pentahotel: A business hotel that's actually hip

pentahotel: A business hotel that's actually hip

Mixing business, pleasure and communal spaces, pentahotels has 15 locations worldwide and is pushing into China
china business hotels -- pentahotels main
Grab a room, get a drink. Then meet a new friend over a round of Wii tennis.

There aren't any high-tech room gadgets.

Or fancy spa facilities.

Or dozens of restaurants covering the world's cuisines.

But business travelers keep coming back to Shanghai's pentahotel (yep, one word, with a small "p") for its lobby.

Yes, the lobby.

And we can’t blame them.

The earth-toned space, or “pentalounge” as the hotel calls it, is the most interesting hotel vestibule we’ve spotted in China.

For starters, the check-in desk is attached to a bar, which dispenses wine, beer, spirits and cocktails 18 hours a day.

Behind the front desk there's a pool table and a public Nintendo Wii.

Other lobby facilities include a café and a fusion restaurant.

Without any barriers to separate them, all these features blend into each other in 270 square meters, covered by free Wi-Fi.

china business hotels -- pentahotels inline 1Stressed by nonstop meetings? That's why the pool table is there.

Communal area is the trend

“Guests nowadays don’t spend that much time in the hotel room,” says Marcel van Mierlo, general manager of pentahotel Shanghai, which opened in August 2010.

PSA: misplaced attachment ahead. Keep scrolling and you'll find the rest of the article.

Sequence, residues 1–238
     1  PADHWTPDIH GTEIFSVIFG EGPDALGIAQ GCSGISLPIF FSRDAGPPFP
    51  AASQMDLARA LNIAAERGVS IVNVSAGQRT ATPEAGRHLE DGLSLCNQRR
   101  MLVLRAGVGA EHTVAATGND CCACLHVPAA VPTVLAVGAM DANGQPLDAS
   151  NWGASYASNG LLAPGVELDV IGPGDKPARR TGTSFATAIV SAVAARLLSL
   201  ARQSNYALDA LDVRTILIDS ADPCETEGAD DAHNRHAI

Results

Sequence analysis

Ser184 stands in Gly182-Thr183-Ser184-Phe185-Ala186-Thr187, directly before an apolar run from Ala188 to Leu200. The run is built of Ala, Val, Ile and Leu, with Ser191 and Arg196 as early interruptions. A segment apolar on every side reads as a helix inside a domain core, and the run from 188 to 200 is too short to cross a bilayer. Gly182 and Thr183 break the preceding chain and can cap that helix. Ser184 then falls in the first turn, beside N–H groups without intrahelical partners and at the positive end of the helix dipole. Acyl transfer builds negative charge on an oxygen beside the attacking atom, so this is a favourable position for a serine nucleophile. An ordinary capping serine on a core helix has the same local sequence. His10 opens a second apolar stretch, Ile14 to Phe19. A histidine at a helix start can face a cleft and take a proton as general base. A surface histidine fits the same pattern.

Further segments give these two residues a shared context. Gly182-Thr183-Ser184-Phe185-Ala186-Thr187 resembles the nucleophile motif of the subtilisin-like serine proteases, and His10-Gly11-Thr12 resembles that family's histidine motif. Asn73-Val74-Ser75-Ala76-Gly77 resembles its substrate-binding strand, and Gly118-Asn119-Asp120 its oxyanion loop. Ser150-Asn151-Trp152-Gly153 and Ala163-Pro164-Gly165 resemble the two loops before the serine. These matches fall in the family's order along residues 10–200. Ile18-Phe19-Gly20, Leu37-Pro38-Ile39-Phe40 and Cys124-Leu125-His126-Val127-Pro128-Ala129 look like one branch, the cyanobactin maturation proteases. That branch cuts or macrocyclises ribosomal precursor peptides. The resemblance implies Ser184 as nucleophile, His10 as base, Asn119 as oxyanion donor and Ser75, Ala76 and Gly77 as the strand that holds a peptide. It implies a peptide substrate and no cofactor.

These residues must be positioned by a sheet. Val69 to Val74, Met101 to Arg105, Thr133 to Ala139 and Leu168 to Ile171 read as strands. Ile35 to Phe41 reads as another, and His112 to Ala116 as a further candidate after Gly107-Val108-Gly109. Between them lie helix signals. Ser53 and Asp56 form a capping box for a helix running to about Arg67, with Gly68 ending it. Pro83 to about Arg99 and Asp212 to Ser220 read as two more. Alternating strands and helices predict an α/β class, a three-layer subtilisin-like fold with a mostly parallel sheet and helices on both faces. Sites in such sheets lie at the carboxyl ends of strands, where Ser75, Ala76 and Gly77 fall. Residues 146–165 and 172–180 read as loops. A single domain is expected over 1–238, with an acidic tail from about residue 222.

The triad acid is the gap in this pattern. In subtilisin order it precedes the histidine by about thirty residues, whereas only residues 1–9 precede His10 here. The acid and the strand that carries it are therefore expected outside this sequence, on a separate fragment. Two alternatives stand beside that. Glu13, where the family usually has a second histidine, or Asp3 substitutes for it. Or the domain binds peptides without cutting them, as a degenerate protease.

“With increasing use of mobile gadgets like iPad and other tablets, they prefer hanging out in the common area like our 'pentalounge,'" adds the Dutch national, who has worked for hotels in Asia and Europe for more than 25 years.

"[In those areas], they can work, eat, drink, socialize, interact or even just be on their own if they choose.” 

Van Mierlo says the pool table and game facilities in pentahotel's lobby lounge make it possible for guests to relax in a “very informal environment” -- think home or a pub. 

Designed by Hong Kong-based Hands Design, the space also gives them a chance to meet and mingle with new friends over a glass of lager or a game of Wii tennis.

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All 258 rooms in pentahotel Shanghai follow a modern minimalistic style.

They’ve got all the basics covered -- a big, soft bed, a neat bathroom, free Wi-Fi and a nice view over tree-lined Zhongshan Park area -- but nothing too fancy to make you think, "Am I going to have to pay for this?”

Fit for novelty-hunting Chinese travelers

With its offbeat design and two branches in China’s most prosperous cities -- Shanghai and Beijing -- pentahotel aims to reel in China’s next generation of travelers, especially young entrepreneurs, and “digital nomads.”

But will the brand’s cutting-edge concept take off in a country where a lavish lobby with colossal chandeliers and piano players is considered a second business card for the guests?

“I like the lobby design,” says Xu Hongtao (徐弘弢), 46, a regular pentahotel guest. “I’ve never seen anything like this in China. It’s unique.”

“In other more luxury hotels, I usually feel very small while standing in the lobby, but I don’t feel so here. Everything is very casual.”